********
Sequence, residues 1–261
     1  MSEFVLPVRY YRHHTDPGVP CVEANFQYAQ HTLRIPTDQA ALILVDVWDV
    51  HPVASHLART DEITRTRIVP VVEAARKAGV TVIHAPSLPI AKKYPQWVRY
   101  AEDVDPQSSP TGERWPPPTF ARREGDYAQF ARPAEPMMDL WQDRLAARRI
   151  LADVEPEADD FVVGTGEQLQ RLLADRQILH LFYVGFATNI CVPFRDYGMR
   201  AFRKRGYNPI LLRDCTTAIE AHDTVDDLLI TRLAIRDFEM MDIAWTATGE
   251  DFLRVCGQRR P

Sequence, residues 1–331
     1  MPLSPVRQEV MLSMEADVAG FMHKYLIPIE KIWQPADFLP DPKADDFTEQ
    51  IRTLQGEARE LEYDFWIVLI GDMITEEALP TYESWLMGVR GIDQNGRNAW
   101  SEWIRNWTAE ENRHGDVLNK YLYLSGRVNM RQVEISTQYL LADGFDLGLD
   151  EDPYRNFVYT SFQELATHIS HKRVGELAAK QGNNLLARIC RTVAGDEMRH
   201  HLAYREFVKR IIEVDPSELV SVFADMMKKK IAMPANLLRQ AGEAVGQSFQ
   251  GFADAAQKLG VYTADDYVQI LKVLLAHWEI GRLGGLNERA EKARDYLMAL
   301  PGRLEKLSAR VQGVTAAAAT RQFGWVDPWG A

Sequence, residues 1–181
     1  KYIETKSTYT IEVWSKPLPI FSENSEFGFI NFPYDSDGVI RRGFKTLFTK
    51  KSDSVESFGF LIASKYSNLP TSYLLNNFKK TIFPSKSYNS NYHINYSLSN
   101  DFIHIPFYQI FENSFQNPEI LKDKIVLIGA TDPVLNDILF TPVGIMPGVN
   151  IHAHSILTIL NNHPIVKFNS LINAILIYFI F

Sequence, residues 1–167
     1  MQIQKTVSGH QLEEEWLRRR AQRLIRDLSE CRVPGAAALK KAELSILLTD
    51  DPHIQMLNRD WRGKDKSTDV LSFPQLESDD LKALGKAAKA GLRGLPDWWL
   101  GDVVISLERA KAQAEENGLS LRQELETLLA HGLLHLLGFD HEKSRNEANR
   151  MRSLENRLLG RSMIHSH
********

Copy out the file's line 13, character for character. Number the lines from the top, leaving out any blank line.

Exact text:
   201  HLAYREFVKR IIEVDPSELV SVFADMMKKK IAMPANLLRQ AGEAVGQSFQ